h1

Public Diplomacy Research: The Limits of Multidisciplinarity

April 3, 2011

As PD scholars we are justifiably proud of the fact that we work in a multidisciplinary research area.  The fact that we have researchers from International Relations, Communications,  Marketing, History, Public Relations, Psychology, Rhetoric means that we have multiple perspectives on what PD is and how it works.  In many respects this is a strength. In looking at an area like PD multidisciplinarity is definitely better that monodisciplinarity.  However, I’m left with a nagging question how do these different perspectives fit together?  Aren’t some of the insights more valuable than others?  Are we describing the same phenomena in different ways? How do we link macro and micro level elements of the problem?

One of the refrains at ISA this year was that we need more case studies (for teaching as well as research) but case studies are valuable because they are a studies of a case of something that will contribute to our overall knowledge of the phenomenon.   The choice of  cases for investigation is driven by a theoretically informed research design.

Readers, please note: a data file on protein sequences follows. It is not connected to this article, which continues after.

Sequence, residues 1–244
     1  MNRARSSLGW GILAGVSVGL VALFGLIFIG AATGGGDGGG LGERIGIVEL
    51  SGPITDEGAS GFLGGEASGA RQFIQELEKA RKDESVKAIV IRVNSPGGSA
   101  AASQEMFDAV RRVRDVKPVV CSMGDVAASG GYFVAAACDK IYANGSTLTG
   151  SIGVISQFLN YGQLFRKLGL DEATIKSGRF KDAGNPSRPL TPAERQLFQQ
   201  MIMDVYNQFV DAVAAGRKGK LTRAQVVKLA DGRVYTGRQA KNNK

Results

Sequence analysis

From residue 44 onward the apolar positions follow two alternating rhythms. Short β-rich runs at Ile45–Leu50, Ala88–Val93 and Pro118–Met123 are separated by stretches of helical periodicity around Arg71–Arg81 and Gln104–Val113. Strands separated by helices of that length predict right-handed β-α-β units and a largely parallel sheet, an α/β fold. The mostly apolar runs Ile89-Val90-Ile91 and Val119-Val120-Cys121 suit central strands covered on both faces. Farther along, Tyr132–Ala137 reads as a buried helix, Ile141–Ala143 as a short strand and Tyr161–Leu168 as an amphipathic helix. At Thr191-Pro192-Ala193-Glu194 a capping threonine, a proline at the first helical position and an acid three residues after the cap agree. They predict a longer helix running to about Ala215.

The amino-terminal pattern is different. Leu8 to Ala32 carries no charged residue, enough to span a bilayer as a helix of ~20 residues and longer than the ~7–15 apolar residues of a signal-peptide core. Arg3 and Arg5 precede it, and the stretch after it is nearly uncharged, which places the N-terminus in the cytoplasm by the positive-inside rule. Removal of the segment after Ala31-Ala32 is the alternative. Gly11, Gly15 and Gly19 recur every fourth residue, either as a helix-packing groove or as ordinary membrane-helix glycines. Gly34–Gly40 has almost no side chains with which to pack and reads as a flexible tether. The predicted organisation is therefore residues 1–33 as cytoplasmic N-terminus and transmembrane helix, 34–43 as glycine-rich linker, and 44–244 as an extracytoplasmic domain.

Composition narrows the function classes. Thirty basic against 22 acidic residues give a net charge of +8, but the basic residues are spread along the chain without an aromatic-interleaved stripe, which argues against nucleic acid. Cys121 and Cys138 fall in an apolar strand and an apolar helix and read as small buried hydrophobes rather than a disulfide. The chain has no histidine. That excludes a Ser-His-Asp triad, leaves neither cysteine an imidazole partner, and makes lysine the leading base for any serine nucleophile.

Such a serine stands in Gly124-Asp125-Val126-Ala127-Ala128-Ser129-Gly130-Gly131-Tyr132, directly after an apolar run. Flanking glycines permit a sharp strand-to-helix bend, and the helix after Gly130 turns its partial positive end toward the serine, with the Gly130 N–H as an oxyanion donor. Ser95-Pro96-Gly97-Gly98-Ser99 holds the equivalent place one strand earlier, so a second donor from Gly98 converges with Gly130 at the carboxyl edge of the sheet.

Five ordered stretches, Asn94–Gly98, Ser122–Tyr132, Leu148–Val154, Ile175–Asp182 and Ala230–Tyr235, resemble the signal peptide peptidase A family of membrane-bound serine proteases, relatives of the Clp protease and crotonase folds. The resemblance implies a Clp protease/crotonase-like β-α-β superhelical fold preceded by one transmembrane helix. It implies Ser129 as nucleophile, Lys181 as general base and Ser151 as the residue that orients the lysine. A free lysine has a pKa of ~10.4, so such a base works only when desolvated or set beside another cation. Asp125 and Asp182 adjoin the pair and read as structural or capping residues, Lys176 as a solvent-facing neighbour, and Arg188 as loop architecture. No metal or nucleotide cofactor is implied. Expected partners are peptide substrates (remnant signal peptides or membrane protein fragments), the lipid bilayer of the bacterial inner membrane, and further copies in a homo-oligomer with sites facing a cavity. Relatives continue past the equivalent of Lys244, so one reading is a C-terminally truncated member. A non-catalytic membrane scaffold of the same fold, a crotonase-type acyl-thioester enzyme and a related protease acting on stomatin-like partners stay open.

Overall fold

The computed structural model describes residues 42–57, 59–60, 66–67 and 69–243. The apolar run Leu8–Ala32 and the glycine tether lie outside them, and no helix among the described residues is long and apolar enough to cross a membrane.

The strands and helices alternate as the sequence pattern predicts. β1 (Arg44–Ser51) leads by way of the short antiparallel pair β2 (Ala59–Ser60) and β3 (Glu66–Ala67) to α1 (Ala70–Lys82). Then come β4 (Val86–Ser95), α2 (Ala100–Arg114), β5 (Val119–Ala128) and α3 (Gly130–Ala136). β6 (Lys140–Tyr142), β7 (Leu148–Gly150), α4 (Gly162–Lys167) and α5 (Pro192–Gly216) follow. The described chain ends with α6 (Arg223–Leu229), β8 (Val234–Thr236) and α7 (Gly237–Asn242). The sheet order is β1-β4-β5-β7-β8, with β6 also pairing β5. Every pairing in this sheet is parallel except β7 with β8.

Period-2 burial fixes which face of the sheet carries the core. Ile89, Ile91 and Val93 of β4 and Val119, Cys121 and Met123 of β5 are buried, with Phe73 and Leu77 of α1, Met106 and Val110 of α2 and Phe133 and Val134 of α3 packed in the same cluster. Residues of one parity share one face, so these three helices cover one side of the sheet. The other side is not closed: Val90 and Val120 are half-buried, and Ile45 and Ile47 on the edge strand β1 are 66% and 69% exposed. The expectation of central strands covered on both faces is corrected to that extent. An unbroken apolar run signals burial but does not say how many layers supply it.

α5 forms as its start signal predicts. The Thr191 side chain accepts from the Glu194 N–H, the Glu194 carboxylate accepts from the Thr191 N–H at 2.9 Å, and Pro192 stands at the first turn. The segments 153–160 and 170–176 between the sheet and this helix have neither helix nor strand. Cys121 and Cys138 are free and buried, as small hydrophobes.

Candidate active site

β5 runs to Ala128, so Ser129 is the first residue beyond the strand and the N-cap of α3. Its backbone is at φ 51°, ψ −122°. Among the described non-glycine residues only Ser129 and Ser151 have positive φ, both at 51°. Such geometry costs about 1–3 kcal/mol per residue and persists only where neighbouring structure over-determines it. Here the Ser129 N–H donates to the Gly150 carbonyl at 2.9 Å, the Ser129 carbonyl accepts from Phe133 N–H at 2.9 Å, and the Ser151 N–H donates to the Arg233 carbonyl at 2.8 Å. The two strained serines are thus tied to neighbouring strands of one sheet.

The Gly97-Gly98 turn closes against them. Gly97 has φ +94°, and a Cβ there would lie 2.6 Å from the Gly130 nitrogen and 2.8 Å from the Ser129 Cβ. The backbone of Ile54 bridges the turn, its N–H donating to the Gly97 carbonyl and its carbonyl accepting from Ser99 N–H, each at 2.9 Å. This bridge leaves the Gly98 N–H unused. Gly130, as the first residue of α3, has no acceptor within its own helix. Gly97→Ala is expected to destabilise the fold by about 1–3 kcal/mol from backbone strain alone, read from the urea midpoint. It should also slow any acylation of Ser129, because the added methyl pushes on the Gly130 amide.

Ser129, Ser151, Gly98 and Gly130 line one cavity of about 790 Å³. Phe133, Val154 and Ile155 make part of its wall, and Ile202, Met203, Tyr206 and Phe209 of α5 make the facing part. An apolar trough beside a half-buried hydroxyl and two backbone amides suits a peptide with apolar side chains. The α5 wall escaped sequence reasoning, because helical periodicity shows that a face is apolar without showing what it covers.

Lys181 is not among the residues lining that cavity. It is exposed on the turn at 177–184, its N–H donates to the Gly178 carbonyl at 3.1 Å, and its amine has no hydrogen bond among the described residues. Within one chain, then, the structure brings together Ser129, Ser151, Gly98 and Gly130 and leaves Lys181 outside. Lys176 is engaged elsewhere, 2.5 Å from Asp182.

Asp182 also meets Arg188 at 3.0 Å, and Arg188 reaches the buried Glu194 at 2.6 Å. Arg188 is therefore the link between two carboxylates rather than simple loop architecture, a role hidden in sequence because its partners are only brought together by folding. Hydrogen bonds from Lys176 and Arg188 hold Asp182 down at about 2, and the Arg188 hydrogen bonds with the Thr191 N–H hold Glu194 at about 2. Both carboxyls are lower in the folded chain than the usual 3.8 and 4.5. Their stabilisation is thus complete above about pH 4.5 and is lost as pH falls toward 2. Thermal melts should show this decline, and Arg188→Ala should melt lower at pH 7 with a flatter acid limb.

From my perspective what PD needs is more effort to integrate,  synthesize  and evaluate what we know and to identify what we don’t know.  This means understanding the scope conditions and applicability of the insights from different approaches.  It also means trying to assess the relative importance of various factors.

The bottom line: multidisciplinarity and case studies are good but we have to think about how we organize the results in a way that can steer future research – what are the key lines of investigation that we should be opening up?

 

Advertisements

One comment

  1. […] Robin Brown (Leeds University), “Five Things I Learnt at the ISA,” March 24, 2011; and “Public Diplomacy Research: The Limits of Multidisciplinarity,” April 3, 2011.  ISA’s PD Working Group, co-chaired by Craig Hayden (American University) and […]



Leave a Reply

Fill in your details below or click an icon to log in:

WordPress.com Logo

You are commenting using your WordPress.com account. Log Out / Change )

Twitter picture

You are commenting using your Twitter account. Log Out / Change )

Facebook photo

You are commenting using your Facebook account. Log Out / Change )

Google+ photo

You are commenting using your Google+ account. Log Out / Change )

Connecting to %s

%d bloggers like this: